"It is a bad Christmas for me. It is not nice when you lose six matches on a trot. But I think the team played well during these games.

"I think our system is good and if our players play well, we will win. The success of the system depends on the players. If all players played well, you will win," re-asserted Portugal.

Article continues below

He expressed hope that Delhi will put an end to their losing streak on Sunday against Chennaiyin FC and backed his players to come good.

"Chennaiyin are playing for the first position but we are going for a win. I think my team will play well and we have confidence in ourselves," he said. "Probably, we might bring in some different players (for the Sunday game).

"This game is a must-win for us after the losses. When you win five or six times, it is possible that you might win the next game. It is also possible that you might win the next game after losing five or six games."

Source: Google News Portugal | Netizen 24 Portugal


Posted by On 2:14 AM

Saudi Arabia, UAE claim some of the tallest skyscrapers completed in 2017

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Cities in Saudi Arabia and the United Arab Emirates have featured among the top 144 for the tallest skyscrapers completed in 2017, according to a report filed by the Council for Tall Buildings and Urban Habitat.
The report pl aced the UAE in fourth, fifth and sixth place, with Marina 101 tower (425m), the Address Boulevard hotel (370m), and Ahmed Abdul Rahim Al Attar Tower (325m) claiming their positions respectively.
“With the help of these tall beautiful structures, Dubai creates new records and these in turn give Dubai global recognition... These tall structures help boost the real estate and tourism economy too, the two factors that majorly drive and effect the country’s GDP,” Imrann Nawab, director of sales, Gulf Sotheby’s International Realty, told Khaleej Times.
Saudi Arabia was placed at 124 and 144 for Al Rajhi Bank Tower (205m) and Al-Obeikan Hilton Tower Hotel (200m) skyscrapers respectively.
Turkey also featured in the report with Istanbul’s Skyland Office Tower (284m), Skyland Residential Tower (284m) and Metropol Tower Istanbul (280m) claiming the 20th, 21st and 25th spots respectively.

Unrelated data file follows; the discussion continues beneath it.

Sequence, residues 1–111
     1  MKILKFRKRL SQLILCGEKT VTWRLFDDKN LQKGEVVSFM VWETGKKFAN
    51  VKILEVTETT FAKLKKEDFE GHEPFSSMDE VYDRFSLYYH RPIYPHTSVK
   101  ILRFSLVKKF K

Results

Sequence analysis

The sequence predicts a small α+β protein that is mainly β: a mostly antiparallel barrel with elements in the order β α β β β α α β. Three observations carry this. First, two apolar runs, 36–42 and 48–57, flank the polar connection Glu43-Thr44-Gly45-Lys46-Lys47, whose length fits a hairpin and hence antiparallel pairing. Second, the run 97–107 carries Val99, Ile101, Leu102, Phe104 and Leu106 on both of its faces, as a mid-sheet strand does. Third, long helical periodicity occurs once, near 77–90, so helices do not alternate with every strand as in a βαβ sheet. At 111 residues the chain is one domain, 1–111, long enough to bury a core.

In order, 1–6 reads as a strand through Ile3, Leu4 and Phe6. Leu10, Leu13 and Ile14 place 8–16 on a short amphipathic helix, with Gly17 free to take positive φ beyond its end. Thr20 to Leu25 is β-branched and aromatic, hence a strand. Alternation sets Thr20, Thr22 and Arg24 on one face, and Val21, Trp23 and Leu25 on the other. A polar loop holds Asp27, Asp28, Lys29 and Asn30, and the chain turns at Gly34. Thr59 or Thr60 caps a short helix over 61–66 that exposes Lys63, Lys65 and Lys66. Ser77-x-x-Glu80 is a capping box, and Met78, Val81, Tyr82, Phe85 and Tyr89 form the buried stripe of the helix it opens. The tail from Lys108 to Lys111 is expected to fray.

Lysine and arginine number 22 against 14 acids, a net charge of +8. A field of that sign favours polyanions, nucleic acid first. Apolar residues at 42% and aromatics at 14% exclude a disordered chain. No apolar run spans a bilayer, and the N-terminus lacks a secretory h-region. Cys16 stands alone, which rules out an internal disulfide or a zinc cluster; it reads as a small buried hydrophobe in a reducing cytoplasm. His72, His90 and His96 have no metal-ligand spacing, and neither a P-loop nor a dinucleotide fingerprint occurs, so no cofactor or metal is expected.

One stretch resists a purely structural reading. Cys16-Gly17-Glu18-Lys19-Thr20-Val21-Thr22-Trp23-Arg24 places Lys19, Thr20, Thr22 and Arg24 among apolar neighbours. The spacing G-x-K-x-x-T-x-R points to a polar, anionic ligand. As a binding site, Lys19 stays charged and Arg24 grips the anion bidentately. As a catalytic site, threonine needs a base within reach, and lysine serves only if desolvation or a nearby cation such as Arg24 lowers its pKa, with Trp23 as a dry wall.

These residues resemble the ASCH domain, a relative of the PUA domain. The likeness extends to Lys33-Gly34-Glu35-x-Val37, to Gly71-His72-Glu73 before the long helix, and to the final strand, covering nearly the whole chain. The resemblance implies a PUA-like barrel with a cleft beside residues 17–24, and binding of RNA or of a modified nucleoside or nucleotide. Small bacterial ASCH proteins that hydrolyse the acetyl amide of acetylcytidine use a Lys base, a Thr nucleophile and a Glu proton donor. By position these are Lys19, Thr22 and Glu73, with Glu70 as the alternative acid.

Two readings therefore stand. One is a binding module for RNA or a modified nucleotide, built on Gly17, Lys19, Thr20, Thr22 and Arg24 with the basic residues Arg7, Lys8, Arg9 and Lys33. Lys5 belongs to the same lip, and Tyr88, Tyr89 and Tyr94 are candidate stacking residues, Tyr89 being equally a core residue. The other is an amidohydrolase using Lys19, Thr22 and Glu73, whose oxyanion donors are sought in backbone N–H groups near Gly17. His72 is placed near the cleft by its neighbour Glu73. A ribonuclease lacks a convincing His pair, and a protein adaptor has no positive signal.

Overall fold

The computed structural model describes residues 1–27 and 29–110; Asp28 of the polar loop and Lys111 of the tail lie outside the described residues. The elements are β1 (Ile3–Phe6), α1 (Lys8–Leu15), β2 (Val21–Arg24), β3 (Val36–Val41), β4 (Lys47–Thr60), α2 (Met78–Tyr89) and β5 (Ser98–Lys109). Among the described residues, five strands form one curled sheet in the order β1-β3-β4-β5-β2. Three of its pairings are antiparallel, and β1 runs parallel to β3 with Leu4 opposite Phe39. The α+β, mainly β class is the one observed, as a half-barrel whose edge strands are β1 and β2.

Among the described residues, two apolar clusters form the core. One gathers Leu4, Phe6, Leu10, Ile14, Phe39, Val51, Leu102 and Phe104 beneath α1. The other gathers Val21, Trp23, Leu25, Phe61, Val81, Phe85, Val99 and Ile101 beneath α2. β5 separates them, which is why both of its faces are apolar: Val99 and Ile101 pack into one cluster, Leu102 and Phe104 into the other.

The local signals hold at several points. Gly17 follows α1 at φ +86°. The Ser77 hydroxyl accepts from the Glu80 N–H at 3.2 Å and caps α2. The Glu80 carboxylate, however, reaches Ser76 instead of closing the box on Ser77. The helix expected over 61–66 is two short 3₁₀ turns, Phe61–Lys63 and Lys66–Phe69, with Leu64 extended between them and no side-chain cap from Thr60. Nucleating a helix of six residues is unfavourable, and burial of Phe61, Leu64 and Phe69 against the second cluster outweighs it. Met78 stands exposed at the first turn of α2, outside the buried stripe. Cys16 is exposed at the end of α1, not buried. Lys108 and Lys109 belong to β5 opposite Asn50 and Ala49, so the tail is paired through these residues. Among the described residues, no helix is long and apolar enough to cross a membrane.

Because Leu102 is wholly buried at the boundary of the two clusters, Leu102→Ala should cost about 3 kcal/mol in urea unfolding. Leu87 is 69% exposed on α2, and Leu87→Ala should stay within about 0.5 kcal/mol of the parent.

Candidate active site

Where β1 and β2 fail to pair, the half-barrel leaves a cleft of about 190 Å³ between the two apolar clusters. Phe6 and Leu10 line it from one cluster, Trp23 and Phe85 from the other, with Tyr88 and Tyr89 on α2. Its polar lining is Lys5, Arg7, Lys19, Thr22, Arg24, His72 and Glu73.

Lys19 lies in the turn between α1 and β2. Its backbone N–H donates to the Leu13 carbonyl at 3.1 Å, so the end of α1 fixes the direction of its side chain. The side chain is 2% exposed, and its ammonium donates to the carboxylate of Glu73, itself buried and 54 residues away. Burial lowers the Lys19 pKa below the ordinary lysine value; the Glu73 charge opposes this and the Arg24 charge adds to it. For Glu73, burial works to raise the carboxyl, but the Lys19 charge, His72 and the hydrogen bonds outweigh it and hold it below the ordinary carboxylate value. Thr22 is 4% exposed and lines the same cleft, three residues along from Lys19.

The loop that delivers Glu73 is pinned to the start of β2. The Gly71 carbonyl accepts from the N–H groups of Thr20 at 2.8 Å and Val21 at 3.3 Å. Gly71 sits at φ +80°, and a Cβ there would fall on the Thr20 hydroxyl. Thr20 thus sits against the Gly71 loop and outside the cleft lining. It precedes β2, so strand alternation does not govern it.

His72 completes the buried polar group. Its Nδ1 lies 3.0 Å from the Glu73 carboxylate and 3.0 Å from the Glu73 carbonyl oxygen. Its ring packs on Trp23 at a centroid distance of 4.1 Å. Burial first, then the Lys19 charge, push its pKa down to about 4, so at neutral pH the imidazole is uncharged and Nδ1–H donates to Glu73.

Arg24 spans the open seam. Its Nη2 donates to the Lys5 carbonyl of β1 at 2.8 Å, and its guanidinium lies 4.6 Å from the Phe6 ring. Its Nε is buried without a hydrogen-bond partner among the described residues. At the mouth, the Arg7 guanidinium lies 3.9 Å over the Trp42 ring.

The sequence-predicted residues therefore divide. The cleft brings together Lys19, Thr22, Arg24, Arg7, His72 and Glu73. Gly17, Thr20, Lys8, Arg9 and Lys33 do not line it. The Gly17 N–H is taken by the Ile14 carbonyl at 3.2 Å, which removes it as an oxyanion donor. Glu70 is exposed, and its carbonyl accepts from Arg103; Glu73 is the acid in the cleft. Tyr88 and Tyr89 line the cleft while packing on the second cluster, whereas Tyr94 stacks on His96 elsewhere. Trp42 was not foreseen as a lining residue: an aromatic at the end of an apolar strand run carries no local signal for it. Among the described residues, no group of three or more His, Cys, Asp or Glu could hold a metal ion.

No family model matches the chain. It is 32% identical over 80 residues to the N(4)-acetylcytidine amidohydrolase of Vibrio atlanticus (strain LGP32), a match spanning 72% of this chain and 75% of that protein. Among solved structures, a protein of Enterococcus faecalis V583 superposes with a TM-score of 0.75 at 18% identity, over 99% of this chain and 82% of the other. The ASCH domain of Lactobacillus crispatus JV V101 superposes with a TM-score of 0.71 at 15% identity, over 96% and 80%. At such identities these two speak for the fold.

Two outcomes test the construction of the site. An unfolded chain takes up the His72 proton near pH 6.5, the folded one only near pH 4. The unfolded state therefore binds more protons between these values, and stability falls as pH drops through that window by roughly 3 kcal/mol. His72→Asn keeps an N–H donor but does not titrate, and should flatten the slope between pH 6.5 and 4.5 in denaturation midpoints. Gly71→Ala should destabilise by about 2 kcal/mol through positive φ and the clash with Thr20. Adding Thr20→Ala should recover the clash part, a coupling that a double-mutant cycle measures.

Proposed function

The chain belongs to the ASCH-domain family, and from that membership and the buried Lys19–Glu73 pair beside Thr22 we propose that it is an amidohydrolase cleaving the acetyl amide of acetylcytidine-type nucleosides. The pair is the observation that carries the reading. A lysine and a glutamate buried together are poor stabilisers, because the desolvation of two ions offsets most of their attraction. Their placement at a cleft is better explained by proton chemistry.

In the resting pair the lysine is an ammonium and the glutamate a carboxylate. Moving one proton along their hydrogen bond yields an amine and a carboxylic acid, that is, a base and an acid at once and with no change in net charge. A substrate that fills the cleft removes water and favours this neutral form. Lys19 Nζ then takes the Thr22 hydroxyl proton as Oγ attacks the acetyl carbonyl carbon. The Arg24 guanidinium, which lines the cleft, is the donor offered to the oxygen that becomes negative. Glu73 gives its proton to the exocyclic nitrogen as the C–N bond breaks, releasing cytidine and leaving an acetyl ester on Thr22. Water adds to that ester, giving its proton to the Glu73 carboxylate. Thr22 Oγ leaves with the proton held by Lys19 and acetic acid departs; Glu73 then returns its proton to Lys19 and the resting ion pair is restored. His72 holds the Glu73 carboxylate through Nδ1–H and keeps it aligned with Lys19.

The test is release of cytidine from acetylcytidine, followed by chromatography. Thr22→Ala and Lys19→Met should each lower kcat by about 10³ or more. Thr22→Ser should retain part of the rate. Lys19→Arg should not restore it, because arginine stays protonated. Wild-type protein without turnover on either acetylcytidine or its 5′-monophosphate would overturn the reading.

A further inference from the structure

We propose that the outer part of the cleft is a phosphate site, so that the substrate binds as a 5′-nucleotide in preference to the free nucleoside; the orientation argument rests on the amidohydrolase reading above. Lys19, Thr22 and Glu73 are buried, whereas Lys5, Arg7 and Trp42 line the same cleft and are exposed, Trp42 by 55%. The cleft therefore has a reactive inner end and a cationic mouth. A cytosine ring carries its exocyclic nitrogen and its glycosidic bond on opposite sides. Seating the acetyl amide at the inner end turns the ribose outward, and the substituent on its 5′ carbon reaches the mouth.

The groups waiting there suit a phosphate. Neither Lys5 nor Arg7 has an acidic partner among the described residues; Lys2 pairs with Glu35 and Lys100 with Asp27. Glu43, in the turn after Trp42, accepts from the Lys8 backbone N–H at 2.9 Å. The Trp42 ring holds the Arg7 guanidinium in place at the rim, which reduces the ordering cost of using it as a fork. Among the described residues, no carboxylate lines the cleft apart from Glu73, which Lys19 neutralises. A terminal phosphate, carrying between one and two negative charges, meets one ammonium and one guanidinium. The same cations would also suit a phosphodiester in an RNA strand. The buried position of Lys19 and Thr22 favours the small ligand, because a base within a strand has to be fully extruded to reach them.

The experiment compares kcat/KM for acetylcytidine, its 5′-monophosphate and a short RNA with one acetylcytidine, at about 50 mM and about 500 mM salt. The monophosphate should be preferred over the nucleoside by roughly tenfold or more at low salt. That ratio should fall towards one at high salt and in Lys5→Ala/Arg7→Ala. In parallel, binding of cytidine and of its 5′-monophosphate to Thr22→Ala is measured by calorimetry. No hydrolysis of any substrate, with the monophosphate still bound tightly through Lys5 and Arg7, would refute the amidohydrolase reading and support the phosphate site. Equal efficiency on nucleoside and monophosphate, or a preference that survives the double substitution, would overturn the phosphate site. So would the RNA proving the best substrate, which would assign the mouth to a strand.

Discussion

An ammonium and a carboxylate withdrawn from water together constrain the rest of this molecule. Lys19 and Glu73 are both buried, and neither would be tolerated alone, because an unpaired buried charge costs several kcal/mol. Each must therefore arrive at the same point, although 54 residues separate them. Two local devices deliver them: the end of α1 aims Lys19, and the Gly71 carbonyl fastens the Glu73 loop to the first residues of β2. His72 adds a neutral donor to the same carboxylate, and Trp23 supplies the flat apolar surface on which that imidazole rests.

The top spot was occupied by China’s Ping An Finance Center which looms over the city of Shenzhen at 599m.
In the UAE, Dubai Creek Tower is under construction, which once complete, will reach a height of 928m.
And Saudi Arabia is currently building the Jeddah Tower, previously known as the Kingdom Tower, which aims to become the world’s tallest building by hitting the one-kilometer mark.
Middle East's tallest towers completed in 2017
Regional rank Overall rank Tower name City Height (m)
1 4 Marina 101 Dubai, UAE 425
2 5 The Address Boulevard Dubai, UAE 370
3 6 Ahmed Abdul Rahim Al Attar Tower Dubai, UAE 325
4 20 Skyland Office Tower Istanbul, Turkey 284
5 21 Skyland Residential Tower Istanbul, Turkey 284
6 25 Metropol Tower Istanbul Istanbul, Turkey 280
7 124 Al Rajhi Bank Tower Riyadh, Saudi Arabia 205
8 144 Al-Obeikan Hilton Tower Hotel Riyadh, Saudi Arabia 200

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Source: Google News Saudi Arabia | Netizen 24 Saudi Arabia

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Posted by On 2:14 AM

Romania's Competition Council slaps big fines on electricity meter cartel

Romania’s Competition Council has fined local electricity holding Electrica and five electricity meter providers with some EUR 15.8 million, for anti-competition behavior.

Six electricity meter providers were found responsible of setting up a cartel-like deal in which they agreed not to compete against each other in tenders organized by electricity providers. This has led to higher prices for electricity meters and higher electricity costs for end-consumers, according to the Competition Council.

The six companies that participated to the agreement were AEM, Energobit, Elster Rometrics, Landis+Gyr AG, ECRO, and Electromagnetica. AEM cooperated with the Competition Council and provided evidence of the agreements, and was thus exempted from the fine. Meanwhile, the other companies received fines between EUR 114,000 and EUR 5.9 million.

Electromagnetica was fined EUR 2.15 million, representing 4.23% of the company’s 2016 turnover. The company said it would challenge the sanction in court. The company was also fined by the Competition Council in early 2016 with a RON 9 million fine after a bigger investigation that targeted the bilateral contracts between power producer Hidroelectrica and ten electricity traders.

State-controlled electricity holding Electrica also received a fine of RON 10,8 million (EUR 2.32 million), representing almost 3% of its non-consolidated turnover, for allegedly breaking the law in several tenders for the purchase of electric meters and auxiliary equipment. The company collaborated with the Competition Council’s investigation and said the irregularities were caused by lower-level employees, according to a report Electrica sent to the Bucharest Stock Exchange. The company also said it would challenge the Competition Council’s sanction. Electrica serves over 3,6 million clients.

[email protecte d]

Source: Google News Romania | Netizen 24 Romania